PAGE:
Property tax bills haven't caught up with falling home prices

Thomas Stanek got a great deal on a foreclosure last year: He paid $419,000 for a 4,000-square-foot, five-bedroom home that sold for $749,000 just three years earlier.

Normally, property tax values are set at the latest home-sale price — that's how it worked as real estate values soared just a few years ago.

But instead of getting a tax break, Stanek got sticker shock.

His latest tax bill valued the home at $710,000 — 41 percent more than the sales price. That difference forced him to pay $2,000 more in taxes than if the home was valued at his purchase price.

"I was pretty taken aback," he said. "That's a big number. It had nothing to do with what I paid for the house."

Stanek is among a growing number of homeowners across South Carolina getting deals on homes in a depressed real estate market but no deals on their tax bills.

State law requires county assessors to base taxes on a home's "fair market value," not the sales price. This long-standing rule was bolstered by Act 388, which was meant to lower property taxes for many homes statewide.

And in a real estate market where one in five S.C. homes sold early this year was in foreclosure and the average S.C. home sale price has dropped by 9.5 percent since 2008, some homeowners say they are being taxed unfairly because foreclosed homes in their neighborhoods are dragging down their property values.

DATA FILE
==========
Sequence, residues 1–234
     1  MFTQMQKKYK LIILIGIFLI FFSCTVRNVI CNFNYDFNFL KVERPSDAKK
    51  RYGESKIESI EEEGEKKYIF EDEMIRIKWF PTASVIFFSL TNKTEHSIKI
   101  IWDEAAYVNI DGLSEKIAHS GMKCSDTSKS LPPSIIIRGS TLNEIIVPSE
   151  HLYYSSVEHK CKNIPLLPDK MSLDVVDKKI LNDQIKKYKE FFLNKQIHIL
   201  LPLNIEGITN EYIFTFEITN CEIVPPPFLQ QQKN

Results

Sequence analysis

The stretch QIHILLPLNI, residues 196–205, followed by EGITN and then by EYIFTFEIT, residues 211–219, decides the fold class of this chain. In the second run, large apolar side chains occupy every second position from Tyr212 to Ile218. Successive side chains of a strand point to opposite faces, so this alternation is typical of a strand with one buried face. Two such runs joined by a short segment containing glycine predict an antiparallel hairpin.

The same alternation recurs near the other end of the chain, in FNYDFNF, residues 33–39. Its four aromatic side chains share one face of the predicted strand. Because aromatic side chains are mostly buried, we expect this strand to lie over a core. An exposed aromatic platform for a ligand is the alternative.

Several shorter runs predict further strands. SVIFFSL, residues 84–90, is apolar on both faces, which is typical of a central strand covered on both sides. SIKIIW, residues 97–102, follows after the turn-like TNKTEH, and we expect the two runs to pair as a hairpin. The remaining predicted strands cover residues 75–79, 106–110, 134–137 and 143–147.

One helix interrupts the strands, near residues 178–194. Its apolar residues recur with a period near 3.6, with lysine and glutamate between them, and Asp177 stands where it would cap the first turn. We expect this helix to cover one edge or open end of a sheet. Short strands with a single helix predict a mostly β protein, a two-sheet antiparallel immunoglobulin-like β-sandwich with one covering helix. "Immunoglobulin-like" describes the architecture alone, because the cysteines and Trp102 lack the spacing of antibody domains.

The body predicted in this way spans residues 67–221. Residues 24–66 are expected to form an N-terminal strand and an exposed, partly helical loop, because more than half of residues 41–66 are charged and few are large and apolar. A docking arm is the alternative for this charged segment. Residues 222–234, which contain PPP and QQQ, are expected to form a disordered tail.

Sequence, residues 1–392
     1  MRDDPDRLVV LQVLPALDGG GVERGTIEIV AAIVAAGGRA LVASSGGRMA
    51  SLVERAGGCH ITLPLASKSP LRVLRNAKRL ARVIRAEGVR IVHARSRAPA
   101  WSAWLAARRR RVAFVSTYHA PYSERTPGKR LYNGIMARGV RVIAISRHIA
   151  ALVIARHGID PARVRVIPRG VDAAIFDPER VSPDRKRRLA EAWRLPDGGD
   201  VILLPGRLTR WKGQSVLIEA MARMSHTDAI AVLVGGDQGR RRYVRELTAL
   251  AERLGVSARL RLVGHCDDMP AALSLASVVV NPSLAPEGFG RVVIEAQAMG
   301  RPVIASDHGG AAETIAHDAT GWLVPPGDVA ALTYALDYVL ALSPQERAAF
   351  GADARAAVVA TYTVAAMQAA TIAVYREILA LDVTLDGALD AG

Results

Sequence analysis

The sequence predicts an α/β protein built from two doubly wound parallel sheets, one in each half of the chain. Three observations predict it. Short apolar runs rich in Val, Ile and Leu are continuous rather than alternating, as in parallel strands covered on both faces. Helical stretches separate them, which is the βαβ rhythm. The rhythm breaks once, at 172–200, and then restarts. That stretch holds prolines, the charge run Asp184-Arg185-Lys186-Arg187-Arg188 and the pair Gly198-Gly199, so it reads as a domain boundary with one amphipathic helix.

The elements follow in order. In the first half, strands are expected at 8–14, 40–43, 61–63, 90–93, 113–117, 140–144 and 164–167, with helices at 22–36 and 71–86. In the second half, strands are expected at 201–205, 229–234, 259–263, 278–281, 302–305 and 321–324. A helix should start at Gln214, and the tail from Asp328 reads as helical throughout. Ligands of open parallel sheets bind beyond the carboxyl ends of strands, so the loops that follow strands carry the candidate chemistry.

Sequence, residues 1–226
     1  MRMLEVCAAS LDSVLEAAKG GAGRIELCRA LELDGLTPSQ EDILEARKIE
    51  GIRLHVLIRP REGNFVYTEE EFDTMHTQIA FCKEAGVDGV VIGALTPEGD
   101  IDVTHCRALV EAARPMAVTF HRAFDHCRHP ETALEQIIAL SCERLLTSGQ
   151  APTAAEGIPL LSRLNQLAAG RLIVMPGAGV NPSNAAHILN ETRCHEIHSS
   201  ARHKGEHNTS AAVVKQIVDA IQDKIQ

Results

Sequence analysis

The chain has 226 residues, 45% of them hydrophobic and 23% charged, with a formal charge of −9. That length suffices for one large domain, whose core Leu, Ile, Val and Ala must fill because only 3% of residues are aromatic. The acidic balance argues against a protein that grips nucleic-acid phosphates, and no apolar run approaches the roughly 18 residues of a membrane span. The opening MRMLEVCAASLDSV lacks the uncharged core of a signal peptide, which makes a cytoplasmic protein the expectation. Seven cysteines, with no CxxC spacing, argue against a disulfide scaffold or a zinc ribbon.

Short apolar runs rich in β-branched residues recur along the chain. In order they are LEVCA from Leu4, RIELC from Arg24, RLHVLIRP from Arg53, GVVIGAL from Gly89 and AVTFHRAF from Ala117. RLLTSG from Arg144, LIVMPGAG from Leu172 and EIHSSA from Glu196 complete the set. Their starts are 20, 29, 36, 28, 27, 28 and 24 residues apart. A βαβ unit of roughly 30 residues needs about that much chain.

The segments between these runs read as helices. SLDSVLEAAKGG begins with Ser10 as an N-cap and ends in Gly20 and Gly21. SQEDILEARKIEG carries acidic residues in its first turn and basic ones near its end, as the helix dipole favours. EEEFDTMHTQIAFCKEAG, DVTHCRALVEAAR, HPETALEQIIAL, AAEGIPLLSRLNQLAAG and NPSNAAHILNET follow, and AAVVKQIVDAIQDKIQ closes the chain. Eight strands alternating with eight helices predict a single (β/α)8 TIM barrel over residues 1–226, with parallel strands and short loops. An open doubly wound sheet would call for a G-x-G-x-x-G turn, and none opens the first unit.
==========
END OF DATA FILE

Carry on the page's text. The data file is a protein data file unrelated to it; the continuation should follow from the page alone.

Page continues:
Several lawmakers and real estate professionals agree it's time to change the law.

"Anywhere in South Carolina that a property has sold in recent years, then the county should base the property value on what the buyer paid for the home. That is the most accurate market indicator," said Rep. Chip Limehouse, R-Charleston. "If the counties are not dropping these values to reflect current market conditions, then we may have to address that legislatively."

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